Talk:Bulls and cows

From Rosetta Code


The scoring algorithm gets more interesting if duplicate digits are permitted... —Dkf 09:54, 20 May 2009 (UTC)

You might try first checking for Bulls, and 'crossing-out' any found, then checking for cows in the remainder? (But the increased complexity in interpreting the score might make the game worse to play). --Paddy3118 20:09, 20 May 2009 (UTC)
My understanding is that Bulls and Cows traditionally disallows repeated digits. However, the similar commercial board game Mastermind does allow duplicates. The way scoring works there, you get credit for at most one bull (black peg) or cow (white peg) per digit in the solution (not in the guess). So if the code is 1122 and you guess 1112, you get three bulls (for the first two 1's and the 2), but no cow for the third 1, because both 1's in the code are already accounted for. -- Markjreed 03:53, 29 January 2012 (UTC)
This is the methodology that the REXX program (version 1) uses. -- Gerard Schildberger 22:53, 4 July 2012 (UTC)

Form of target number[edit]

The description says that the digits must be from the set 1 through 9, but Wikipedia - and some of the solutions on this page - allow zeroes. Also, the description should probably specify whether or not repeated digits are allowed. -- Markjreed 00:20, 31 January 2012 (UTC)

malformed numbers[edit]

The task didn't elaborate on what a malformed guess was, but when I programmed a version (cough-cough, 31 years ago), the user was allowed to guess such things as:

  • 12x5
  • ..73
  • 4 5 7 9
  • 7 , , 4
  • 42?9

Very inexperience beginners (and most children, see below) begin learning the logic of the game by guessing:

  • 1111
  • 2222
  • 3333
  • 5
  • 79

until they've found four digits that are in the number, and then narrow it down with their own perculiar logic.

The (original) program was intentionlly written to allow these forms of guesses and reasoning (logic). It was a goal of the program to not to force any sort of logic or restrictive rules upon the guesser. If the guesser could think it, it was allowed.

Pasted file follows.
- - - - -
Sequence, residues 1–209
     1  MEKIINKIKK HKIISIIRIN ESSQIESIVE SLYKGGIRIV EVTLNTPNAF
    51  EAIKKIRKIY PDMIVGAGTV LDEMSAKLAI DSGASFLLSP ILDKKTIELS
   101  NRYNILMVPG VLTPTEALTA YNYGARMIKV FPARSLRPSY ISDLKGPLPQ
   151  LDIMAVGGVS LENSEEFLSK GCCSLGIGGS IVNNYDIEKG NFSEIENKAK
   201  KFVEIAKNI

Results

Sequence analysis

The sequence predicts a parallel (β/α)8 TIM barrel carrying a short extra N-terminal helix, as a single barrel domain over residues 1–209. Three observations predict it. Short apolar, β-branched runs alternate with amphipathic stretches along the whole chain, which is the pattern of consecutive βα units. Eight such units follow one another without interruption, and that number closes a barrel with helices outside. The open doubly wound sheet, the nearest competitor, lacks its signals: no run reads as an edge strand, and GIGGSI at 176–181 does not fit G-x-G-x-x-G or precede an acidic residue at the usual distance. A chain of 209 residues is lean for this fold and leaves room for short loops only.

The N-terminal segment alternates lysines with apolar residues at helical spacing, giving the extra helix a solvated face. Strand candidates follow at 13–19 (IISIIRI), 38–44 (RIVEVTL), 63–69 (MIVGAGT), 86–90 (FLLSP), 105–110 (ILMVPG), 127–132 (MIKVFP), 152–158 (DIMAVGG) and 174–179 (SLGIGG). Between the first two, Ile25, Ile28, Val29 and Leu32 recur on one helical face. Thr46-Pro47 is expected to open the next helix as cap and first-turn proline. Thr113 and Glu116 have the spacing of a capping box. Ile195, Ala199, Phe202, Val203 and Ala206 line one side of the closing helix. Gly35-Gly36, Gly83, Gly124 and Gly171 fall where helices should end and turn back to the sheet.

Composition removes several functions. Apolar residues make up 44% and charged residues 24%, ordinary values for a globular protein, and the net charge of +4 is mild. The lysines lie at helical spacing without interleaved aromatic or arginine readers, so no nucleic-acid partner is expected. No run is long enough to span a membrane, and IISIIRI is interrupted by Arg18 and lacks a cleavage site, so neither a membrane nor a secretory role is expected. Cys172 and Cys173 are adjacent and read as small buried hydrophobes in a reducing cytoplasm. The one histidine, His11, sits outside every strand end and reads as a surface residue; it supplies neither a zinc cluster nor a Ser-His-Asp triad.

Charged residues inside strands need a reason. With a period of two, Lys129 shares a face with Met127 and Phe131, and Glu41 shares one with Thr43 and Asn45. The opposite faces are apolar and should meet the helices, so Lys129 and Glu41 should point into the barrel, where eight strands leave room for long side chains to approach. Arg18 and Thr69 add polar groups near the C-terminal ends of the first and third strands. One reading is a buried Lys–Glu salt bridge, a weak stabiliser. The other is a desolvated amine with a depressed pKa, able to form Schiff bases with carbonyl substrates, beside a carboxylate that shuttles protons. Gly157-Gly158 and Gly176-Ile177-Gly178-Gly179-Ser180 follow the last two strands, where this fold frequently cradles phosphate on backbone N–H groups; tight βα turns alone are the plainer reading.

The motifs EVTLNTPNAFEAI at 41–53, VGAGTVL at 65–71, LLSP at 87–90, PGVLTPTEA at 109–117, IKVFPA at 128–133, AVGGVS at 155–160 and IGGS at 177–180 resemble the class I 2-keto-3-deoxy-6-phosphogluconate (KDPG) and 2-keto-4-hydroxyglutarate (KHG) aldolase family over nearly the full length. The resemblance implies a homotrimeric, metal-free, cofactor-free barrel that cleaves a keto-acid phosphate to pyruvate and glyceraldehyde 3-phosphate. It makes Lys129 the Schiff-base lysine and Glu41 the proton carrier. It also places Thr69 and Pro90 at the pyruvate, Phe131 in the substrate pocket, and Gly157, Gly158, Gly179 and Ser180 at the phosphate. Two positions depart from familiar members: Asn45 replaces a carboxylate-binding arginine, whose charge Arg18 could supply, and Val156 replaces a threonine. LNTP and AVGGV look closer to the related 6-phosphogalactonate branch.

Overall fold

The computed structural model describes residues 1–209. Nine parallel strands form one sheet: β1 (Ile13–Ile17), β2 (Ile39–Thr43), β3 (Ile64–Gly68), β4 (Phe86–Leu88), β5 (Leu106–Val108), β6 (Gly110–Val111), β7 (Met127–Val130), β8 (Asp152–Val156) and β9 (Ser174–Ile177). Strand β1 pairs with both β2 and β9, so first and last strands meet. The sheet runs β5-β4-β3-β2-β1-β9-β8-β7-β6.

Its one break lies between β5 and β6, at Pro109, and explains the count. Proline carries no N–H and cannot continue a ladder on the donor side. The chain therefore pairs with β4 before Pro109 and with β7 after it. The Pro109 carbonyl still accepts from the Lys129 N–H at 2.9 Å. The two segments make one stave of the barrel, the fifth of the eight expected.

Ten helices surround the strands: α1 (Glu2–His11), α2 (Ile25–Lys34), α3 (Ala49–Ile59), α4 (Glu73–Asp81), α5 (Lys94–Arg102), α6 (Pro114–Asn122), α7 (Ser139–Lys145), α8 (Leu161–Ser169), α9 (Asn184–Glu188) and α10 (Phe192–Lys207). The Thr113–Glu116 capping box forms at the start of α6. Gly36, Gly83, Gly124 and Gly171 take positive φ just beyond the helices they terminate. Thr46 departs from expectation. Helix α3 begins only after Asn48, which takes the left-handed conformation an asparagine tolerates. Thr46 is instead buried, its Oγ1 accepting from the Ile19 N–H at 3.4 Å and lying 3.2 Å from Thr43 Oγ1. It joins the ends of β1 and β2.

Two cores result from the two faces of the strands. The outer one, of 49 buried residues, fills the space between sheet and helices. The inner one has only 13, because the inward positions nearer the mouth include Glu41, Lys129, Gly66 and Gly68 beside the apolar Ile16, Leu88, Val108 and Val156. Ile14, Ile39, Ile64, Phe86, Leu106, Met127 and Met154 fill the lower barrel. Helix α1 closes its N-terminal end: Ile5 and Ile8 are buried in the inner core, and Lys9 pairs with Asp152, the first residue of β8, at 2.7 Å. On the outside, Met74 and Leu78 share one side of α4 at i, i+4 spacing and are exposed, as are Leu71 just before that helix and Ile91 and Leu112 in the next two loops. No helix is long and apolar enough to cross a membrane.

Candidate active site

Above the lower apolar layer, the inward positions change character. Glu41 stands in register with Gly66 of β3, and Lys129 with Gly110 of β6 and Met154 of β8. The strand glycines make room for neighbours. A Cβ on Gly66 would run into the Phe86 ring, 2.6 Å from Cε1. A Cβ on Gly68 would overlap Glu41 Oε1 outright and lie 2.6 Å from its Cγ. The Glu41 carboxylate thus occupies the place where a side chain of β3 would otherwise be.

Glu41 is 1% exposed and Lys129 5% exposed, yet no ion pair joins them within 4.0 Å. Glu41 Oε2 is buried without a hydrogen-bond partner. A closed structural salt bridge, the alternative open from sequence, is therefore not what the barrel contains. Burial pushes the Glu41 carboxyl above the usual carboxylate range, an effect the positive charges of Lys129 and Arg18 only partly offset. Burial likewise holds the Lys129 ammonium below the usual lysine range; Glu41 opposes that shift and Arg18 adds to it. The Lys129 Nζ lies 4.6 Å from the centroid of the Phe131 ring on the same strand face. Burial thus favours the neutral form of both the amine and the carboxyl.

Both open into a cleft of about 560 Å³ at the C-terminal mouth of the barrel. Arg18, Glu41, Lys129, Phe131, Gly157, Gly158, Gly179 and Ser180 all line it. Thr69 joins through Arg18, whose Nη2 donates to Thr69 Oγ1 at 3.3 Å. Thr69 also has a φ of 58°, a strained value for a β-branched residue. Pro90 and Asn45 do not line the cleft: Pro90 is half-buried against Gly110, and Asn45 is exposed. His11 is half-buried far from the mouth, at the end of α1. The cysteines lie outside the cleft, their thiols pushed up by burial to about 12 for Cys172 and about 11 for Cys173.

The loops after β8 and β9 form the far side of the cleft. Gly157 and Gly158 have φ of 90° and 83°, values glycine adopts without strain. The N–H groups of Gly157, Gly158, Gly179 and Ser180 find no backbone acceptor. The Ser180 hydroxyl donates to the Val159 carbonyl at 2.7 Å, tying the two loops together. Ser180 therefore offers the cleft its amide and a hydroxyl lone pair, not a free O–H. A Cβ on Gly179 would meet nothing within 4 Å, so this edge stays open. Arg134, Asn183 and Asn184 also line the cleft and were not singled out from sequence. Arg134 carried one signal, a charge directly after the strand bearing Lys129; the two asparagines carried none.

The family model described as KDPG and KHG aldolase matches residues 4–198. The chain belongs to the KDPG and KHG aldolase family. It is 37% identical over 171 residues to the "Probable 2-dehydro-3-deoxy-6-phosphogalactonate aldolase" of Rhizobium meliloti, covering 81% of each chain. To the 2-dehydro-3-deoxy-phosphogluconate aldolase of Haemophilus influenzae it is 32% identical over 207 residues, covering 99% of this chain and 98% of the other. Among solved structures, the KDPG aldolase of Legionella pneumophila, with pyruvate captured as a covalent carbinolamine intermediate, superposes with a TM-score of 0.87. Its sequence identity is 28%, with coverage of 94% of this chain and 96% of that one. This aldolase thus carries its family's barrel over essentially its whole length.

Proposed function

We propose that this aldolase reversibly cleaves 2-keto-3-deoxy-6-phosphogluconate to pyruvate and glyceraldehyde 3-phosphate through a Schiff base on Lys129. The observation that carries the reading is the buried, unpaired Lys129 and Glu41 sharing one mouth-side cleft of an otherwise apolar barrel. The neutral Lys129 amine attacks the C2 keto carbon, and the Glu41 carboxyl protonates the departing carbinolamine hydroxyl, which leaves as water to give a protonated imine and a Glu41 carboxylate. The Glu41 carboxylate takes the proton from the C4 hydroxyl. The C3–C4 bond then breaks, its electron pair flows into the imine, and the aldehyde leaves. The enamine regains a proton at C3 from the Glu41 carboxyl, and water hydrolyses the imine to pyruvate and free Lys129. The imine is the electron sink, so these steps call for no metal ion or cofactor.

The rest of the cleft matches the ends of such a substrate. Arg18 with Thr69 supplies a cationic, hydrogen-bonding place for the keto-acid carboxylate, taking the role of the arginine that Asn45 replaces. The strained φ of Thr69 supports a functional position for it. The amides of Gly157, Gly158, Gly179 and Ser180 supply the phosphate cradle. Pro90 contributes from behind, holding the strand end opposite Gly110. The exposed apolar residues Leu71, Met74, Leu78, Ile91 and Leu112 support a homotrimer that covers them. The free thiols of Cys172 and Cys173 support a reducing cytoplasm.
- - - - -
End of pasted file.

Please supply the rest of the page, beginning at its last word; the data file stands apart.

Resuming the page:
I added program logic to the REXX (version 1) program, if only to comply to what malformed could mean.

(I've since rescinded those restrictions.) -- Gerard Schildberger 14:16, 5 July 2012 (UTC)

The original program also allowed any number of digits, and also allowed specification of what digits, so that it could mimic the game Master Mind, a popular game of that time. This was the default mode.

A comment on the program's pegigree: quite a few of the supervisors (where I worked at way back then) were allowed to have a (CRT) terminal at home (for working after hours of course, of course), and as a result, their kids could get on-line and play, which back then, it was quite a treat to play on a computer, and this was before home computers were common. Even at that, home computers were NOT cheap. Of course, it was against the company rules to use a company's mainframe computer for such non-business thingys, but almost all the mainframe computers much very much idle after-hours and on weekends, of course. When asked by my 2nd level supervisor, I glady wrote some games on my own time in EXEC2, a language on the VM/CMS system. And who wanted to throw rocks at one's own bosses? -- Gerard Schildberger 23:35, 4 July 2012 (UTC)

(added parenthesized comments and mainframe words to clarify what kind of computer(s) I was referring to.) -- Gerard Schildberger 14:21, 5 July 2012 (UTC)
Hmm. Thanks for the info on the variants where you introduce a placeholder not-a-number symbol. I guess it cannot match anything and would serve to reduce complexity when someone wants to test what they think they may know about a partial solution?
If I were playing with more digits then I guess it would allow me to reduce the problem to something I could work out in my head. --Paddy3118 03:00, 5 July 2012 (UTC)
Yes, anything not a digit (in this case) doesn't match anything. It's very helpful when your mind is a bit cloudy (like enjoying some down-time after an eighteen hour coding tear), or maybe you're dealing with a "bulls and cows" game variant with more than four digits. Also, kids like to use a NaN guess as they seem to prefer to deal with a smaller subset of logic. Well, ok, ok, so do I at times. I was playing a few games as I always check out the game after I make a change (or an improvement, ha!), and once, I just couldn't find a solution (I had zigged instead of zagged when coding a change), and the "cows" information was wrong. I had to ignore the cows and try only for the bulls. -- Gerard Schildberger 03:12, 5 July 2012 (UTC)
Does anybody besides me think that was a weird thing to say? -- Gerard Schildberger 14:16, 5 July 2012 (UTC)